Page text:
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Google Books Mutilates the Printed Past

Article in The Chronicle of Higher Education

In its frenzy to digitize the holdings of its partner collections, in this case those of the Stanford University Libraries, Google Books has pursued a "good enough" scanning strategy. The books' pages were hurriedly reproduced: No apparent quality control was employed, either during or after scanning. The result is that 29 percent of the pages in Volume 1 and 38 percent of the pages in Volume 2 are either skewed, blurred, swooshed, folded back, misplaced, or just plain missing. A few images even contain the fingers of the human page-turner.



This is a Google search box that searches only LISNEWS


Google's Oligarchic Algorithm

Andrew Lehman: "As a small web developer seeking rankings for small, local businesses, I find the decisions that Google has made over the years have been sometimes fair, sometimes selfish, sometimes in between. The trend has been toward depreciating its mission of providing useful searches in order to make money while encouraging the corporate status quo."


Search is too important to leave to one company – even Google

Search is too important to leave to one company – even Google:

The question of what we can and can't see when we go hunting for answers demands a transparent, participatory solution. There's no dictator benevolent enough to entrust with the power to determine our political, commercial, social and ideological agenda. This is one for The People.

EU to study how Google Books impact authors

The European Union's executive body will study plans by Google to make millions of books available online after Germany said the Internet company's project flouts EU copyright law.

The bloc's industry ministers agreed on Thursday to ask the European Commission to look at how Google's settlement with authors in the United States affect writers' rights in the EU.

Two Google Book stories

Story one: New Web site to amplify debate on Google book deal

Caroline Vanderlip believes the escalating debate over Google Inc.'s plans for a vast Internet library of copyright-protected literature will yield enough compelling material to fill a book.

That's one reason why SharedBook Inc., a 5-year-old company run by Vanderlip, has set up a Web site so the supporters and opponents of Google's digital book project can more easily post their opinions about a legal settlement that will help fulfill or possibly derail the Internet search leader's ambitions.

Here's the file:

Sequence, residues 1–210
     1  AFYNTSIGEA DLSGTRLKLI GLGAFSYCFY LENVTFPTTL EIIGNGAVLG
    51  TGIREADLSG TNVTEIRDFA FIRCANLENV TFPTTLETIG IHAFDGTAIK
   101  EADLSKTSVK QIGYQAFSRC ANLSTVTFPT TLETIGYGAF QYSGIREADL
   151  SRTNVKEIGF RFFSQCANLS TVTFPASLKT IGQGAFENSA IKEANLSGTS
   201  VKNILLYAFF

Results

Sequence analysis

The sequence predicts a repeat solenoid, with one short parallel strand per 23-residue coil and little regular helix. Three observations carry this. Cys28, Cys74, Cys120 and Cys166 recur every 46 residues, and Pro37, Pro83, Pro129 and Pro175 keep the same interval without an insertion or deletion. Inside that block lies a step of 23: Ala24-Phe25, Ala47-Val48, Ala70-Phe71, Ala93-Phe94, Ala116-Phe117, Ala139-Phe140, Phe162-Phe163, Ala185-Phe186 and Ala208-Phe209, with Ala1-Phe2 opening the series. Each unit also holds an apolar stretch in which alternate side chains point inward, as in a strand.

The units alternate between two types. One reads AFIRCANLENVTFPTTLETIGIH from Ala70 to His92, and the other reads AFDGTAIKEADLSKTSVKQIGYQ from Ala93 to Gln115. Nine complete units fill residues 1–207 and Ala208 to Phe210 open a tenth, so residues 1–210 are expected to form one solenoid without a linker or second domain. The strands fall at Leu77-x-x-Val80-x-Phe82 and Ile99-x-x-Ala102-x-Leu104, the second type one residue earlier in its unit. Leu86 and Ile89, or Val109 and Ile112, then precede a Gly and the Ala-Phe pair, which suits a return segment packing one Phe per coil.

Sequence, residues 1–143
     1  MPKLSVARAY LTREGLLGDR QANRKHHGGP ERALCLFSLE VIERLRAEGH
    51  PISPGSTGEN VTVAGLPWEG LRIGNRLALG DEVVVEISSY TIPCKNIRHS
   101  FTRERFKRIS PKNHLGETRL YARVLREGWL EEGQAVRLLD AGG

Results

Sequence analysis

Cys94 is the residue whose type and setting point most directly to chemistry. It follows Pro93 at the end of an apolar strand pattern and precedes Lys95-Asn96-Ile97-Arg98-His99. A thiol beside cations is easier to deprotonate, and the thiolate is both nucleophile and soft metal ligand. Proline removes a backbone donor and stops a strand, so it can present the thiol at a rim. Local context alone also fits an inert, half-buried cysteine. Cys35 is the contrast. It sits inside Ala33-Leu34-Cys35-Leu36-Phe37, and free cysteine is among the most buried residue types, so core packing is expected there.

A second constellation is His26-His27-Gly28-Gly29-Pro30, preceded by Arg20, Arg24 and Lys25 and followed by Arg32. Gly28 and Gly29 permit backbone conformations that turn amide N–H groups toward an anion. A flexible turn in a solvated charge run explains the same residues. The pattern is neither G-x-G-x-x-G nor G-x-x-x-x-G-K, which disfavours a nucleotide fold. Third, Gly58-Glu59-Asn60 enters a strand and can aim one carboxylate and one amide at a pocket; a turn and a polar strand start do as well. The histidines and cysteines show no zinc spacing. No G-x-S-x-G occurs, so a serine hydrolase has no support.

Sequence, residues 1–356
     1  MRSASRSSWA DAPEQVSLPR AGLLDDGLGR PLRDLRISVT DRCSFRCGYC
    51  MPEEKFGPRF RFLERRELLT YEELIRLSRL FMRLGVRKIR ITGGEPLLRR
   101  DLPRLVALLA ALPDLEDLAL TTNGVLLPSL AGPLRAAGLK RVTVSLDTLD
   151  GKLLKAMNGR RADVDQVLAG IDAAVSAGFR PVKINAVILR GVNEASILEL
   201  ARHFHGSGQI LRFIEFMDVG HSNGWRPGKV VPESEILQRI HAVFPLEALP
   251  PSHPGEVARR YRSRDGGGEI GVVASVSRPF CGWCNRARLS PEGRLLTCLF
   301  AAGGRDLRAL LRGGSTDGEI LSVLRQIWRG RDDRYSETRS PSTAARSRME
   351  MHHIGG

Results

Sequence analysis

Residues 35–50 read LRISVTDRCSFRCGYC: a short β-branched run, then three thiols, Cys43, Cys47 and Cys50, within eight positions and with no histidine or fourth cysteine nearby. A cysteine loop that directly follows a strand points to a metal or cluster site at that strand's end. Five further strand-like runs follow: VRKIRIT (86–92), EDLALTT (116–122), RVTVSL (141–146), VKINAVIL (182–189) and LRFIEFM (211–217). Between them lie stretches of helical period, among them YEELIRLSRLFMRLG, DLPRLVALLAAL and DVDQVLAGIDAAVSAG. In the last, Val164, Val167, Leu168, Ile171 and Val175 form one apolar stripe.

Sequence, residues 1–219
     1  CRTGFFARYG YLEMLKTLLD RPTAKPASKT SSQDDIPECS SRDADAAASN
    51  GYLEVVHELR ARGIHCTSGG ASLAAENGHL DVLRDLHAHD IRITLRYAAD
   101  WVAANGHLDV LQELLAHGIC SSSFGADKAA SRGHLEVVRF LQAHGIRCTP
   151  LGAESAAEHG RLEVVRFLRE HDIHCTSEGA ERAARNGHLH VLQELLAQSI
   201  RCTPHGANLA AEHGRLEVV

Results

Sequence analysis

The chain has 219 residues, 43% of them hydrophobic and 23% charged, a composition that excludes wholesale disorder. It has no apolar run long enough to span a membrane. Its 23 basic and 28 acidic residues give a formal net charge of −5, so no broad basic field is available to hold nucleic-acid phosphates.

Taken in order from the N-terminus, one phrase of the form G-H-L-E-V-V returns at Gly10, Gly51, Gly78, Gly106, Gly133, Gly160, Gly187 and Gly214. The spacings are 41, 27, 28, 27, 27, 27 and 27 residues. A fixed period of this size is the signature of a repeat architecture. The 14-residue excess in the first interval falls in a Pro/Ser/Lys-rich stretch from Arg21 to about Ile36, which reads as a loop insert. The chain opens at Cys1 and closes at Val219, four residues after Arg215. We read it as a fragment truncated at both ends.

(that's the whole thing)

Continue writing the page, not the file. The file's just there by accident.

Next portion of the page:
The site,, is set to debut Thursday. Full article here.

Story two: EU to study how Google Books impact authors


Google Wave

As seen on

1. segphault: I'm really enamored with the Google Wave concept. It's a federated communication system with an open protocol!
2. alphakamp: @segphault I really dont see why/what they are doing, isnt this essentially what !omb is? why do this but drop jaiku?
3. segphault: @alphakamp: Wave isn't a replacement for OMB. It's a completely different kind of communication. Lots of potential for integrating the two.
4. alphakamp: @segphault ah now that makes sense, glad someone could interpret better than I can, #googlewave

Available reporting:
PCMag Digital Network
PC World

EFF weighs in on Google Books Settlement

This just in from the Electronic Frontier Foundation with most of their call shown after the "read more" jump:

We are putting together a group of authors (or their heirs or assigns)
who are concerned about the Google Book Search settlement and its effect
on the privacy and anonymity of readers.

Google Book-Scanning Pact to Give Libraries Input on Price

In a move that could blunt some of the criticism of Google for its settlement of a lawsuit over its book-scanning project, the company signed an agreement with the University of Michigan that would give some libraries a degree of oversight over the prices Google could charge for its vast digital library.

Google has faced an onslaught of opposition over the far-reaching settlement with authors and publishers. Complaints include the exclusive rights the agreement gives Google to publish online and to profit from millions of so-called orphan books, out-of-print books that are protected by copyright but whose rights holders cannot be found.

Full story here.



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